Armed Or Unarmed – What Is Your Self Defense Tactic?

A Google search for the definition of self-defense yields this return: ‘defense of one’s person or interests, especially through the use of physical force, which is permitted in certain cases as an answer to a charge of violent crime. ‘Self-defense and being prepared to defend yourself, your loved ones and your property is not only your right, it is your responsibility. We should not rely on others to keep us safe when we have the ability to protect ourselves. There are some who believe that self-defense is just another form of fighting. Self-defense is not just about fighting, but rather how to keep you safe from or during a fight. There are two basic self-defense tactics that can be used. They are: armed self-defense and unarmed self-defense.

Unarmed Self-Defense

Unarmed self-defense refers to any self-defense tactic that relies solely on the use of mind or body for protection. An example of the mental self-defense tactic is the use of verbal judo. This is using your words to prevent or de-escalate a situation. You can also study self-defense and safety tips to learn how to avoid dangerous situations or how to outwit your opponent or potential attacker Physical self-defense encompasses the fighting arts such as Karate, Taekwondo or Kravis Magi. It also includes less sophisticated but just as effective ground fighting techniques. You can attend a short self-defense class that will quickly teach you key moves that can be used in self-defense, or you can spend years mastering one of the fighting arts.

Ultimately, the only weapon you are relying on is yourself.

Armed Self-Defense. This means carrying an object, tool, device or weapon which you can use to defend yourself. Some people choose to carry a lethal force weapon. While I believe in the right to bear arms, lethal force weapons cannot and should not be carried by everyone. I do believe everyone should be able to carry an effective form of non-lethal self-defense. The most popular of these are pepper sprays and stun guns. Both of these have the ability to disable an attacker long enough for you to get to safety. There are also passive self-defense tools, namely personal alarms that will not disable anyone, but can be used to startle an opponent or attract attention to the situation. In my opinion, the best tactic is a combination of both armed and unarmed. You should know how to avoid situations and how to be able to fight back if you encounter an attacker. But you should also carry some type of device you can use for self-defense.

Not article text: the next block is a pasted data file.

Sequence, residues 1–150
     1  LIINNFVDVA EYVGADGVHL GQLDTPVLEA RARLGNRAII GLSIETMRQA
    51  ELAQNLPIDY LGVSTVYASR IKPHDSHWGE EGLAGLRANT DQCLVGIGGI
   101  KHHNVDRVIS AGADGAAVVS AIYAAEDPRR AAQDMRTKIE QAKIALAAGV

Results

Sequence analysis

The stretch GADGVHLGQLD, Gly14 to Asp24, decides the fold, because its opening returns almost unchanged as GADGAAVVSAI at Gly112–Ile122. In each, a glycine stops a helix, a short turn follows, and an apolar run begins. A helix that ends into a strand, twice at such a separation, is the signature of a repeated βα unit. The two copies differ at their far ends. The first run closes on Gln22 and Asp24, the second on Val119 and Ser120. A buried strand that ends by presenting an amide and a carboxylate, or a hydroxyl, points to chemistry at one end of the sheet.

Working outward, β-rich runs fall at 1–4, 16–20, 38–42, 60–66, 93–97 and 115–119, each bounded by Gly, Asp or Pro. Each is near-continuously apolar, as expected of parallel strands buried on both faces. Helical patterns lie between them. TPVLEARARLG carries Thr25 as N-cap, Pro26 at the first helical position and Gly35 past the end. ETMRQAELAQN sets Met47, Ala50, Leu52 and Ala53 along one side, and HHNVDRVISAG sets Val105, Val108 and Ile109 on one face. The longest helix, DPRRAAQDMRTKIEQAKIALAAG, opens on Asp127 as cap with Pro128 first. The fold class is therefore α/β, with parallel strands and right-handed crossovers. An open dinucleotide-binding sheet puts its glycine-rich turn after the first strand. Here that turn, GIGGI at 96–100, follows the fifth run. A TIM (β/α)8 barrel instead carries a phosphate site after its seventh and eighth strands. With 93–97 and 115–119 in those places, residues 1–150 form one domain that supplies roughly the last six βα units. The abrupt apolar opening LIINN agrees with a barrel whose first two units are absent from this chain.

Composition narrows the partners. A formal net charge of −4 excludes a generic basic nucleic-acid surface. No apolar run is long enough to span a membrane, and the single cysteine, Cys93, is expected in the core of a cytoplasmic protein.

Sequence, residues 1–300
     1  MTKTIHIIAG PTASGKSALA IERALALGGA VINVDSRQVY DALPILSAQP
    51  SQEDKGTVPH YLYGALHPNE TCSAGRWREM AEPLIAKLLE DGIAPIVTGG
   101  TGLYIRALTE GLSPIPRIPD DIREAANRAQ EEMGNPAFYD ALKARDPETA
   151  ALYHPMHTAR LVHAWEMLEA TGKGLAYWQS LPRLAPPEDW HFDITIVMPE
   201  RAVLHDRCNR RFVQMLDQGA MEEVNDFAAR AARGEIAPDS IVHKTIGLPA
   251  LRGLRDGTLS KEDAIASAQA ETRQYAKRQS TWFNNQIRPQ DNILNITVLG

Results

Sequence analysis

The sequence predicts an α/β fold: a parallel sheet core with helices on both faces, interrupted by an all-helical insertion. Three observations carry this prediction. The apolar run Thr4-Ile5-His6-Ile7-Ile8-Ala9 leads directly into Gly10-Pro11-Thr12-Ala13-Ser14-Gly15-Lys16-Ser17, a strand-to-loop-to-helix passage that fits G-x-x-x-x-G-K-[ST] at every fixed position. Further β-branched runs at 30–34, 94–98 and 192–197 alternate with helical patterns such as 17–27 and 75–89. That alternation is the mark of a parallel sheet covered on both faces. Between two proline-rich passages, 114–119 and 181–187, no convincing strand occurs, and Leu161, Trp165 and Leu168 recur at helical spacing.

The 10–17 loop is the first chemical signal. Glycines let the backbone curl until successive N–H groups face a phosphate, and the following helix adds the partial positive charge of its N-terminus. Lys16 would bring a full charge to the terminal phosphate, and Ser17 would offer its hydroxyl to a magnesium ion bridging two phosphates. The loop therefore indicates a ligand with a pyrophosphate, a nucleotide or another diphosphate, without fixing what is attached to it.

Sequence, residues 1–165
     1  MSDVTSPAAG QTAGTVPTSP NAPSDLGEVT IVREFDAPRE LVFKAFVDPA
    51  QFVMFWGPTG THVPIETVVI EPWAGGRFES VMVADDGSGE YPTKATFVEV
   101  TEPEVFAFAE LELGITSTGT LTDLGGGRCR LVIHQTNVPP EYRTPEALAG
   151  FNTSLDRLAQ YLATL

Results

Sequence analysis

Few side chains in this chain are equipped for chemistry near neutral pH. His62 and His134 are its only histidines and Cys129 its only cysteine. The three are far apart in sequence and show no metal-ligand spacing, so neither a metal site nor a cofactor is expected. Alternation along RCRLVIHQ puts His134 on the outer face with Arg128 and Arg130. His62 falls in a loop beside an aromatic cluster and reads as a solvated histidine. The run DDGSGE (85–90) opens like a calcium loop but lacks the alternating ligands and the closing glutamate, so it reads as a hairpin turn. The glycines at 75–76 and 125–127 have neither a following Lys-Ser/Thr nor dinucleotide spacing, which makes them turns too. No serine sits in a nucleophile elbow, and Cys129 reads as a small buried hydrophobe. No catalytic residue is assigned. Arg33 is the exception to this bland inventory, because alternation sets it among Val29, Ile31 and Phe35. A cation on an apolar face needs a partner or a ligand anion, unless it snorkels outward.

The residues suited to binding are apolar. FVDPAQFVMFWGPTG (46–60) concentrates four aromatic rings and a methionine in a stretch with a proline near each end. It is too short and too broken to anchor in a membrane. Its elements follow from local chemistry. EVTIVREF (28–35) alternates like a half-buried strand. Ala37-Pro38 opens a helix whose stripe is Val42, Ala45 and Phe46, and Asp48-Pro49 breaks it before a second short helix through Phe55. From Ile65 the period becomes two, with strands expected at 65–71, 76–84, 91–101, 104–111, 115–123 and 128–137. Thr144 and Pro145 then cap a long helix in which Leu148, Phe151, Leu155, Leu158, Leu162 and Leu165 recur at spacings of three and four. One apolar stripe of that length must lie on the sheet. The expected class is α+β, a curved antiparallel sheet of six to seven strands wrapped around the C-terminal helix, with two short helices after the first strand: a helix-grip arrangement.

Whatever you choose, make up your mind to be a victor and not a victim. Ate Self-Defense Seminar Industry

A large portion of my income comes from conducting seminars and it has been for over 10 years. For me conducting seminars is a love/hate kind of thing. It is primarily a “love” kind of thing in that I love the teaching, I love meeting the people, I enjoy the travel, but hands down the number one reason is that I truly feel I’m helping people. Where the “hate” aspect comes in is the perception a lot of other people have of what I do, or perhaps even more the perception that most people have of my industry. Most of the seminars I do are self-defense seminars and when people find out what I do for a living they automatically mentally lump me in with a large portion of the industry that isn’t focused on helping people and brush me off with a platitude. Over the 25 plus years I have been in the martial arts I have found that the industry of self-defense seminars isn’t fully respected by either martial artists or by the general public.

When I ask people about their experience with them what I hear over and over is that they’re too expensive,

they’re too cheap so they can’t be any good, they’re too short and you can’t learn anything in an hour or so, the instructor wasn’t competent (they either weren’t knowledgeable, didn’t answer their questions, or they couldn’t preform what they taught and made themselves look bad), and by far the most common complaint is that they didn’t learn anything… or at least anything useful. I understand every one of these complaints and I have seen them firsthand. When I was a teenager I went to more than one self-defense seminar in my area and they were laughable at best. The way I see it there are two main problems with self-defense seminars, and the first is that most instructors aren’t qualified to teach them. Most of the seminars I’ve seen over the last 25 plus years were taught by some guy who has a black belt. Contrary to popular belief having a black belt doesn’t necessarily qualify you to teach self-defense. One of my black belts is in Song ham Taekwondo based solely on what I learned from the ATA I would never dream of teaching someone self-defense.